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An excerpt from www.HouseOfNames.com archives copyright © 2000 - 2016


The Harine name was coined by the Anglo-Saxon tribes of Britain. Harine was originally a name given to someone who worked as a person who made a living by catching or selling herring. Early examples of the surname Harine come from the Old French word hareng, while later examples come from the Old English word hering, which was originally derived from the Old English words hæring and hering; these words all mean herring. Occupational names such as Harine frequently were derived from the principal object associated with the activity of the original bearer, such as tools or products. These types of occupational surnames are called metonymic surnames.

Harine Early Origins



The surname Harine was first found in Oxfordshire where they held a family seat from very ancient times, some say well before the Norman Conquest and the arrival of Duke William at Hastings in 1066 A.D.

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Harine Spelling Variations


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Harine Spelling Variations



It is only in the last few hundred years that the English language has been standardized. For that reason, early Anglo-Saxon surnames like Harine are characterized by many spelling variations. As the English language changed and incorporated elements of other European languages, even literate people changed the spelling of their names. The variations of the name Harine include: Herring, Herrin, Hering and others.

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Harine Early History


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Harine Early History



This web page shows only a small excerpt of our Harine research. Another 193 words (14 lines of text) covering the years 1166, 1190, 1450, 1750, 1628, 1704, 1693, 1757, 1747 and 1757 are included under the topic Early Harine History in all our PDF Extended History products and printed products wherever possible.

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Harine Early Notables (pre 1700)


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Harine Early Notables (pre 1700)



Another 38 words (3 lines of text) are included under the topic Early Harine Notables in all our PDF Extended History products and printed products wherever possible.

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The Great Migration


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The Great Migration



Many English families tired of political and religious strife left Britain for the new colonies in North Ameri ca. Although the trip itself offered no relief - conditions on the ships were extremely cramped, and many travelers arrived diseased, starving, and destitute - these immigrants believed the opportunities that awaited them were worth the risks. Once in the colonies, many of the families did indeed prosper and, in turn, made significant contributions to the culture and economies of the growing colonies. An inquiry into the early roots of North American families has revealed a number of immigrants bearing the name Harine or a variant listed above: Christopher Hering arrived in Philadelphia in 1783 along with George and Jacob; Joseph Herring settled in Barbados in 1635; Simon Herring settled in Virginia in 1663.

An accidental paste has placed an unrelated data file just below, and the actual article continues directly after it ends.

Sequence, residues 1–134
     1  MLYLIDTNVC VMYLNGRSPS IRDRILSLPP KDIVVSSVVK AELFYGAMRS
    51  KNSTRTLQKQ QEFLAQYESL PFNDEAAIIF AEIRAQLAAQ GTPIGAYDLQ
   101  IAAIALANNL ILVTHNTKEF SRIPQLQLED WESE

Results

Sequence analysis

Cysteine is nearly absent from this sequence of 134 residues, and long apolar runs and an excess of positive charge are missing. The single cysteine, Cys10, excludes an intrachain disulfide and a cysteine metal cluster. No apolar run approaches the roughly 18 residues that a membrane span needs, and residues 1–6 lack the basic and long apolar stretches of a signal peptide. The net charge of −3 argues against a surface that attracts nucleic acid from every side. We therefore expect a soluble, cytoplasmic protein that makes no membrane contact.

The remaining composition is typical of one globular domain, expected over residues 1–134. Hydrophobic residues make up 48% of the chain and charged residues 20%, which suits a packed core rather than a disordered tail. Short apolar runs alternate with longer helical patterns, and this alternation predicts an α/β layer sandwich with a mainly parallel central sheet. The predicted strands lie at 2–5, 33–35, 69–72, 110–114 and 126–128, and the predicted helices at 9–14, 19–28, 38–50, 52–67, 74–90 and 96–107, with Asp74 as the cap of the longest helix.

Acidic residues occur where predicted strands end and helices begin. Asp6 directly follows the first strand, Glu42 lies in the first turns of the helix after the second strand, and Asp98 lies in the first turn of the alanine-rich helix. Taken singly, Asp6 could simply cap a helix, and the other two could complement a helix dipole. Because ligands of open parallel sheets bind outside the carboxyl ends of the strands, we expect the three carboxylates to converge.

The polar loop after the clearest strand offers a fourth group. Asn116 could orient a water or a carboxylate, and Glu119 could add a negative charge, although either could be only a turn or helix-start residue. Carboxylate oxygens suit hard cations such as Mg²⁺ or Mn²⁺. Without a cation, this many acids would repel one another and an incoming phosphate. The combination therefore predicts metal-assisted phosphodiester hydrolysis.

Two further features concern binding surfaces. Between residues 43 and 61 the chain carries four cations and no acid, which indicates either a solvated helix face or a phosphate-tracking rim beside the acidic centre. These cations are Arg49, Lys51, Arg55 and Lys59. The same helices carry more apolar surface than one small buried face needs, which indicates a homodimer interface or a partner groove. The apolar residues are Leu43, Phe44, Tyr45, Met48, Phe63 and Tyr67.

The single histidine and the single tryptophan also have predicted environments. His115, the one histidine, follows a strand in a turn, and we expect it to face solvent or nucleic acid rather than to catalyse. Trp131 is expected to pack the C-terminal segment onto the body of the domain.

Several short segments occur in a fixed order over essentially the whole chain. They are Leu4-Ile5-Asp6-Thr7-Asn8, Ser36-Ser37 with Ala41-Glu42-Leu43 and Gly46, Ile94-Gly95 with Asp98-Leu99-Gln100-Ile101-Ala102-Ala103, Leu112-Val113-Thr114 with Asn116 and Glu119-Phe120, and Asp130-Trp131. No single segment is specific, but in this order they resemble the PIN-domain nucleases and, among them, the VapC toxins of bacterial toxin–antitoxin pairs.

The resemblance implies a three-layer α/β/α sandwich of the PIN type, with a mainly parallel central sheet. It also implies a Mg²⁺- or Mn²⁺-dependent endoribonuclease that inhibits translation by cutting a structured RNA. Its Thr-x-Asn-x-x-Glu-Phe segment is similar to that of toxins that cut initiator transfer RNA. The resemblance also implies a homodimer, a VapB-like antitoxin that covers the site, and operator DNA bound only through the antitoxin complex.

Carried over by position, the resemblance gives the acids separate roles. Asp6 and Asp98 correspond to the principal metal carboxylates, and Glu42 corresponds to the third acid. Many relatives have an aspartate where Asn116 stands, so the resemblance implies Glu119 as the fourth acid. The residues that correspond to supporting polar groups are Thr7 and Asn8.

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Harine Family Crest Products


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Harine Family Crest Products




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See Also


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See Also




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Citations


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Citations



    Other References

    1. Ingram, Rev. James. Translator Anglo-Saxon Chronicle 1823. Print.
    2. Dunkling, Leslie. Dictionary of Surnames. Toronto: Collins, 1998. Print. (ISBN 0004720598).
    3. Markale, J. Celtic Civilization. London: Gordon & Cremonesi, 1976. Print.
    4. Hanks, Hodges, Mills and Room. The Oxford Names Companion. Oxford: Oxford University Press, 2002. Print. (ISBN 0-19-860561-7).
    5. MacAulay, Thomas Babington. History of England from the Accession of James the Second 4 volumes. New York: Harper and Brothers, 1879. Print.
    6. Samuelsen, W. David. New York City Passenger List Manifests Index 1820 - 1824. North Salt Lake, Utah: Accelerated Indexing Systems International, 1986. Print.
    7. Hanks, Patricia and Flavia Hodges. A Dictionary of Surnames. Oxford: Oxford University Press, 1988. Print. (ISBN 0-19-211592-8).
    8. Hinde, Thomas Ed. The Domesday Book England's Heritage Then and Now. Surrey: Colour Library Books, 1995. Print. (ISBN 1-85833-440-3).
    9. Virkus, Frederick A. Ed. Immigrant Ancestors A List of 2,500 Immigrants to America Before 1750. Baltimore: Genealogical Publishing, 1964. Print.
    10. Bardsley, C.W. A Dictionary of English and Welsh Surnames: With Special American Instances. Wiltshire: Heraldry Today, 1901. Print. (ISBN 0-900455-44-6).
    11. ...

    The Harine Family Crest was acquired from the Houseofnames.com archives. The Harine Family Crest was drawn according to heraldic standards based on published blazons. We generally include the oldest published family crest once associated with each surname.

    This page was last modified on 5 September 2013 at 13:33.

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